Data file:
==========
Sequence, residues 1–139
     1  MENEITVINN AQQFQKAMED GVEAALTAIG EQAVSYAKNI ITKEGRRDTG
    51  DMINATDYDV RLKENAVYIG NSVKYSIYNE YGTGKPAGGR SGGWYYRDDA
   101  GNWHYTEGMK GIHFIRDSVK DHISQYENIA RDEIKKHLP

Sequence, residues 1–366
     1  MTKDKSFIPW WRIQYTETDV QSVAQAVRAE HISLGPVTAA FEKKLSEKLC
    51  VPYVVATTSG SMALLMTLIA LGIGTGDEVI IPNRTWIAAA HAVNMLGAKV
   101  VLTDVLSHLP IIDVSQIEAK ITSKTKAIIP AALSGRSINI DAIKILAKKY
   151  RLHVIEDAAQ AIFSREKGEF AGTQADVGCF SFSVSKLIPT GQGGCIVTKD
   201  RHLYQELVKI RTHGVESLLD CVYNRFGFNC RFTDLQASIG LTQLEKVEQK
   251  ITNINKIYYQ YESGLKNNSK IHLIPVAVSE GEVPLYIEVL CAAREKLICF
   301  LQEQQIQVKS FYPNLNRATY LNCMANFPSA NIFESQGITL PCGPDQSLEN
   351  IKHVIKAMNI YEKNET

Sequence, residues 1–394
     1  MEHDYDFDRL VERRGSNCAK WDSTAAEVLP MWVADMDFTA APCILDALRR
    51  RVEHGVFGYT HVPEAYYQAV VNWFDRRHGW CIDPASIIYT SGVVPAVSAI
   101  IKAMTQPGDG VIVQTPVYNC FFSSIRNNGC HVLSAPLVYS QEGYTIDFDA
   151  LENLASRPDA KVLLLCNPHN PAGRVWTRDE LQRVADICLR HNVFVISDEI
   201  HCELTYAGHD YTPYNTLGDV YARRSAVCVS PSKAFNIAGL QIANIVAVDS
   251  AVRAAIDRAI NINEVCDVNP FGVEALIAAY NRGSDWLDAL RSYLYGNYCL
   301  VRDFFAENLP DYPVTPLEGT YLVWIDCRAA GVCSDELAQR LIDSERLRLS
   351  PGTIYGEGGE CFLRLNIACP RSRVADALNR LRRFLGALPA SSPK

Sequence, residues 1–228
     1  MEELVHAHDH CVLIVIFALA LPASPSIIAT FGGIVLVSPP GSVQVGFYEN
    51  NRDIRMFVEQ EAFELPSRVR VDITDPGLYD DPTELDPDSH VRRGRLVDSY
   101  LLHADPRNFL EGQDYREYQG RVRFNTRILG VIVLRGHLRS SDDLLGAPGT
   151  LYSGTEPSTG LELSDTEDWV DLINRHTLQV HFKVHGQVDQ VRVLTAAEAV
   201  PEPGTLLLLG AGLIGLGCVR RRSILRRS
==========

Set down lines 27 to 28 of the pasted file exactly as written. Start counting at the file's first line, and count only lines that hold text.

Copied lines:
   151  LYSGTEPSTG LELSDTEDWV DLINRHTLQV HFKVHGQVDQ VRVLTAAEAV
   201  PEPGTLLLLG AGLIGLGCVR RRSILRRS